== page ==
Residents of five villages comprising elderly men, women and youths in Obite, Ogba Egbema Ndoni Local Government Area, Rivers State, have occupied a gas plant owned by Total E&P Nig.Ltd.
The protsesters, who vowed to remain in the facility, lamented that the oil firm had refused to obey the 2018 Supreme Court judgement on compensation for land it acquired in the area for its operations.
Mr. Daniel Clifford Uma, one of the plaintiffs in the Supreme Court’s suit said though the court ordered Totalto pay the communities in 2018 on a matter that commenced in 2005, the firm had refused to obey the judgement
He said the community was demanding about N2.5bn from the company as compensation for all hectares of land it acquired before the matter and while the case was still in court.
He said: “The protest is because of total negligence from Total E and P. This thing started 22 years ago. Some of the people that started this matter have died.
“We started this matter when Elf came to aquire this land, 28.8 hecters of land. When this started we told them to pay us our land compensation, the land and claim manager said the Land Use Act does not allow multinationals to pay for land acquisition.
“The communities went to court, in 2005 we got judgement in our favour in a court in Ilorin, Kwara State. They went on appeal and in 2006 the Appeal Court also ruled in our favour. They proceeded to the Supreme Court. On the 19 of January 2018, the court also ruled in our favour.
“We sent the judgement to France and we copied them here to come for negotiation. Meanwhile, the matter was in court; they came and acquired 98.4 hecters of land in addition to the earlier 28.8. Till now they have ignored us. Anytime we come to seek the implementation of the judgement they will use security men to intimidate us.
“We are here to tell the whole world what is happening to us here. They should come and pay us our land compensation. There is no employment for our youths”.
Explaining further, he said: “What the Supreme Court gave in their judgement is that the company should compensate us against their own claims. The court that time awarded N25million for the 28.8 hecters. But today we are demanding N2.5bn. If they do not come for negotiation we are not leaving here.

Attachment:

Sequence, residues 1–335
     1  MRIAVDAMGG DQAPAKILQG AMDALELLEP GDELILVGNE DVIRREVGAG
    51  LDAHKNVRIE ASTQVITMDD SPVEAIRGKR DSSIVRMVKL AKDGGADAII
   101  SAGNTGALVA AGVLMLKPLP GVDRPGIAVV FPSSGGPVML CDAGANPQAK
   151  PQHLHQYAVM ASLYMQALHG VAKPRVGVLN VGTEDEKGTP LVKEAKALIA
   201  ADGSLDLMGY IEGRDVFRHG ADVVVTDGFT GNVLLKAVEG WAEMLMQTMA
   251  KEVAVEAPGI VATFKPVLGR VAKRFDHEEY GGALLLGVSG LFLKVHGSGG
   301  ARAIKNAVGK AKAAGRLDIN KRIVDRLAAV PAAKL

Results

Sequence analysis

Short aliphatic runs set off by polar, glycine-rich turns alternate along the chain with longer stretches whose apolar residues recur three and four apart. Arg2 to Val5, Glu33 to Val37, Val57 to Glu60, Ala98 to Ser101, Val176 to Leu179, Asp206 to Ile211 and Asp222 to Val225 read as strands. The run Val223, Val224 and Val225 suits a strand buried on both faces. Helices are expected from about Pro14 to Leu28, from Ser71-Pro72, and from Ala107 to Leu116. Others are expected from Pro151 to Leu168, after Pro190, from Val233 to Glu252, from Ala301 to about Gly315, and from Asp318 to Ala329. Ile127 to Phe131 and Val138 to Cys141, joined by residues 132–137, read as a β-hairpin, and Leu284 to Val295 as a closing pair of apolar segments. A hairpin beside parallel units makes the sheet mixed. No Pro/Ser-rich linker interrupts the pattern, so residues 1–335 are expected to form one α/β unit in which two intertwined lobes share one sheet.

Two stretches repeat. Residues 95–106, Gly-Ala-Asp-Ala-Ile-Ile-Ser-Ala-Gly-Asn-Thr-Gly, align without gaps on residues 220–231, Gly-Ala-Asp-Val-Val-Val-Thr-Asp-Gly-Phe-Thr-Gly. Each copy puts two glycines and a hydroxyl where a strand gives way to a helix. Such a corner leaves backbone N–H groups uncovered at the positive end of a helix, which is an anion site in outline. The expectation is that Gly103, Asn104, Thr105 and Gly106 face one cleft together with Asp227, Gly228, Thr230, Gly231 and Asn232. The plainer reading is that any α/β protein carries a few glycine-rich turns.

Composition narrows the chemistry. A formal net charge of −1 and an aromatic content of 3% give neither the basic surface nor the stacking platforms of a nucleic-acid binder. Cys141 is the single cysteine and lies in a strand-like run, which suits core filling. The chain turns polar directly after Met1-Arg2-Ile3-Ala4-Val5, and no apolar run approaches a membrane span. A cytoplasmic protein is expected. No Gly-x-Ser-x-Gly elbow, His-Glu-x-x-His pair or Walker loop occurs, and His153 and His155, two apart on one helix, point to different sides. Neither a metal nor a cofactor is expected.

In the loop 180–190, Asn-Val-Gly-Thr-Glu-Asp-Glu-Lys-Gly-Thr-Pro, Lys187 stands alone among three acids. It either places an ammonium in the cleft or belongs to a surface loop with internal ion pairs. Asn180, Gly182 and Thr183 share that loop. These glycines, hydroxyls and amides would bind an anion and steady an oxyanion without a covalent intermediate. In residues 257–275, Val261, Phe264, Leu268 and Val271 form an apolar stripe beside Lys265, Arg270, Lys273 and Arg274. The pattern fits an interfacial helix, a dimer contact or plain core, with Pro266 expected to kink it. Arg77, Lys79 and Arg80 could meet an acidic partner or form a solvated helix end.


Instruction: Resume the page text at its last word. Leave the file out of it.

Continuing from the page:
“Another aspect of it is that we do not have a running Memorandum of Understanding (MoU) with the company and we pleaded it in court.
“We only here that there is Environmental Impact Assessment but we have not seen it. There was a time when there was explosion in this gas plant we carried out our own EIA, we submitted it to them they rejected it.
“What they built here is not for the community it is for multinational, so they should compensate us. They have flooded out community with military and the elders have said we are not leaving here until they meet our demands.”
Also an elderly Chief, who identified himself as S.O. Brown, decried the refusal of Total to engage the community in dialogue saying the operations of the company denied them their sources of livelihood.
He said: “We won them in all the courts we went to. We have told them that after the court it was time for dialogue but the company refused. We are not leaving until they attend to us.
“This facility has caused a lot blindness. We don’t drink rain water any more because of contamination many are sick and some have died. The worst is that they are not employing our youths. We shall be here till we get what we want.”
When contacted, Total’s Manager, Project and Corporate Communication, Senan Murray, said the firm had continued to maintain cordial relationships with its host communities.
He said the company would address issues raised by its host communities in an official statement.
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